Even after HBO Max announced a blitz of distribution deals earlier this year with pay-TV providers, gaming platforms, connected-TV devices and major hubs like Apple and Google, the two conspicuous holdouts remained Roku and Amazon. Earlier this week, Amazon said it has reached 50 million Fire TV users worldwide. (NBCUniversal’s Peacock reached terms with Roku in September but still has no Amazon deal, it is worth noting.)

John Stankey, CEO of WarnerMedia parent AT&T, in October decried the “bottlenecks” created by tech giants who wield “too much power.” Money, of course, lies at the heart of that tension, but so does data, the real currency of the streaming era. While some companies have been willing to make the tradeoff of having tech distributors deliver a high volume of subscriptions in exchange for control over viewer data, WarnerMedia has been keen to hold onto as much data as they can. As with the deal HBO Max secured with Amazon last month, which will make it available outside of Amazon Channels, the app will not be part of the Roku Channel but instead as a stand-alone app, according to a person familiar with the deal terms.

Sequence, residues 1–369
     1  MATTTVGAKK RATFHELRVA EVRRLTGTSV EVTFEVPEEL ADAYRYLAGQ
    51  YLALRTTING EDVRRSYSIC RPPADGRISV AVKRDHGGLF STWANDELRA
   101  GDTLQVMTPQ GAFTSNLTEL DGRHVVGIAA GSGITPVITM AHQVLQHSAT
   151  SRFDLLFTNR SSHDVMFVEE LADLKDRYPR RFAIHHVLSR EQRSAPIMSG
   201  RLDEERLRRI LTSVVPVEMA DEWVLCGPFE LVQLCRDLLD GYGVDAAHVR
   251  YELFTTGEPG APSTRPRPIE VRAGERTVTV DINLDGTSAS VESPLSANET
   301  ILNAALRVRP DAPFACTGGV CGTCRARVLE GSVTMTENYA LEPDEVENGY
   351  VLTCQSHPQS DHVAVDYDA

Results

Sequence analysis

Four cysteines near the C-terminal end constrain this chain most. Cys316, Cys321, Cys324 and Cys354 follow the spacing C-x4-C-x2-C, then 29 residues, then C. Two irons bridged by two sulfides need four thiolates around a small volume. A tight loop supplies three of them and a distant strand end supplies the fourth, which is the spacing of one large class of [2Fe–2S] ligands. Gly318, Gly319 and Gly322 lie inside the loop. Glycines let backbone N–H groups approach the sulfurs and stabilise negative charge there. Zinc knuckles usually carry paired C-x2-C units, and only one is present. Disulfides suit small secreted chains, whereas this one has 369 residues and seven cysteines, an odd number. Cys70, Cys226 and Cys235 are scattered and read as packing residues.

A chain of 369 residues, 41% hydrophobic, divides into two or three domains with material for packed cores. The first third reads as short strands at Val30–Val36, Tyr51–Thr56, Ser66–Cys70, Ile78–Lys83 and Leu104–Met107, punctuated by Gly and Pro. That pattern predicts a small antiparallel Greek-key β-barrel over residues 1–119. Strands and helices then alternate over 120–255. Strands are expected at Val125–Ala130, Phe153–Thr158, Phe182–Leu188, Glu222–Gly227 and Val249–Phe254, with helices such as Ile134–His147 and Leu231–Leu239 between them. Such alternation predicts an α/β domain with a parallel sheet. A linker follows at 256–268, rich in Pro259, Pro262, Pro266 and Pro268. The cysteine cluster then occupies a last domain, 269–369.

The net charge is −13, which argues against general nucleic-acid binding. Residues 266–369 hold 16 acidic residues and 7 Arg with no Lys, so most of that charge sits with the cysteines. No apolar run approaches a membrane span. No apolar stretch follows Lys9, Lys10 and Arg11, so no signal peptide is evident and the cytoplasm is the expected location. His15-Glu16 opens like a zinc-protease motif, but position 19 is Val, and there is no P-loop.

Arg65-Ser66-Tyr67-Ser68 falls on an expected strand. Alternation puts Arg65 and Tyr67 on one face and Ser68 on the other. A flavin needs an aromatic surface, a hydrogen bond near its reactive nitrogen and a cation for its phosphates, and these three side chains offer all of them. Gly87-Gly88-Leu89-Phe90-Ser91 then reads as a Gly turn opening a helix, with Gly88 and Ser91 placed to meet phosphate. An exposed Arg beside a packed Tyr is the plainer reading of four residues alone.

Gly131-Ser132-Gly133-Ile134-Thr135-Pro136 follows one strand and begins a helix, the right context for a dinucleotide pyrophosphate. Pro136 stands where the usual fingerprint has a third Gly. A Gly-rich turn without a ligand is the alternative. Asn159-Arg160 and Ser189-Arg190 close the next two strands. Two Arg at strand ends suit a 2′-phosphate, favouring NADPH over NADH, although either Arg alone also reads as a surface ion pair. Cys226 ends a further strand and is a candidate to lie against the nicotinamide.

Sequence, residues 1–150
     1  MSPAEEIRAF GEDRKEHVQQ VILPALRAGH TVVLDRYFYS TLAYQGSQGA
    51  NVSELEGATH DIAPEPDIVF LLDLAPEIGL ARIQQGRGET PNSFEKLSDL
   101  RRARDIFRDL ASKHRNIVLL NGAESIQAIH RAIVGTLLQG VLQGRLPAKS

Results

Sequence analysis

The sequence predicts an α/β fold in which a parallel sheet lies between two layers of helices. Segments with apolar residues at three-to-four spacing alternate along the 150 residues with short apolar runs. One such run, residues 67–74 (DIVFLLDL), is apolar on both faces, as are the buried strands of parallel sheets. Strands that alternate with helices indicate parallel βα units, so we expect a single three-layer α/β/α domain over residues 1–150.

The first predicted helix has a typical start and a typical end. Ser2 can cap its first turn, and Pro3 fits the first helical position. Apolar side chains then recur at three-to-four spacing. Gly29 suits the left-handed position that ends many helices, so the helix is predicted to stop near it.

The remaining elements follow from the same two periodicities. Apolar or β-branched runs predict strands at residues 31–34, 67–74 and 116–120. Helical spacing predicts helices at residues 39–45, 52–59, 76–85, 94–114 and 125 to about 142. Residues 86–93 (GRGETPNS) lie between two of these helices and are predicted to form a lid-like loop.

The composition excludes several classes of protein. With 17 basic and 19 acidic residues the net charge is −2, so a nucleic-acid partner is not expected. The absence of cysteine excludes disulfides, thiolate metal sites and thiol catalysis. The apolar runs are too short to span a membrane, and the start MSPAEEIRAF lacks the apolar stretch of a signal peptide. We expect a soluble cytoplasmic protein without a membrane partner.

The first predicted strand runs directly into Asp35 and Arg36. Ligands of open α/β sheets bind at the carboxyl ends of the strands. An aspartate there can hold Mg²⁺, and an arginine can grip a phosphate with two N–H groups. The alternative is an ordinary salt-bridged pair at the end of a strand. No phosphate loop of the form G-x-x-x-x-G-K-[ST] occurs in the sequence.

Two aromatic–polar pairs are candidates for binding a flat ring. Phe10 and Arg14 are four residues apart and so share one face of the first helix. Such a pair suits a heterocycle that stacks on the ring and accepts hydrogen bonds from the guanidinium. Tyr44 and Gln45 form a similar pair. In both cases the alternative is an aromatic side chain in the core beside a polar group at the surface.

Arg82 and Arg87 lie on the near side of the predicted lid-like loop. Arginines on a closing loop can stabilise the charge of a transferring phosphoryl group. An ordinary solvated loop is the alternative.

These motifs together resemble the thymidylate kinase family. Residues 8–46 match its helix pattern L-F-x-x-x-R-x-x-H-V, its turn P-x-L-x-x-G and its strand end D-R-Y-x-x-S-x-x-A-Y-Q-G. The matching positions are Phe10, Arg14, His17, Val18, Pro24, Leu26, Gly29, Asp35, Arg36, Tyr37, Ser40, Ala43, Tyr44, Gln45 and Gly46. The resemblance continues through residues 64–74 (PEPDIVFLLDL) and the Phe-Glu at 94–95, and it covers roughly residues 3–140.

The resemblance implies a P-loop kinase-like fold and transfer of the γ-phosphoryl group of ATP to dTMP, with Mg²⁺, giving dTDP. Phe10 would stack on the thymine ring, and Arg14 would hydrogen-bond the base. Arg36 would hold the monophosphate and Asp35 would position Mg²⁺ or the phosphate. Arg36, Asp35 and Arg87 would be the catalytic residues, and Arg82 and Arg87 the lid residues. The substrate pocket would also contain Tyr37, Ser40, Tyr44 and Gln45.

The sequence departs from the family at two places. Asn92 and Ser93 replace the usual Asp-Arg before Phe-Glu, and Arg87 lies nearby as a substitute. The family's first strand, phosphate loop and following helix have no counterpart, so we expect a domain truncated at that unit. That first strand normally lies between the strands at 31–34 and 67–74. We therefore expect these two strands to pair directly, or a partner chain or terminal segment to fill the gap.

“We believe that all entertainment will be streamed and we are thrilled to partner with HBO Max to bring their incredible library of iconic entertainment brands and blockbuster slate of direct to streaming theatrical releases to the Roku households with more than 100 million people,” said Scott Rosenberg, SVP of Roku’s platform business. “Reaching mutually beneficial agreements where Roku grows together with our partners is how we deliver an exceptional user experience at an incredible value for consumers and we are excited by the opportunity to deepen our longstanding relationship with the team at WarnerMedia.”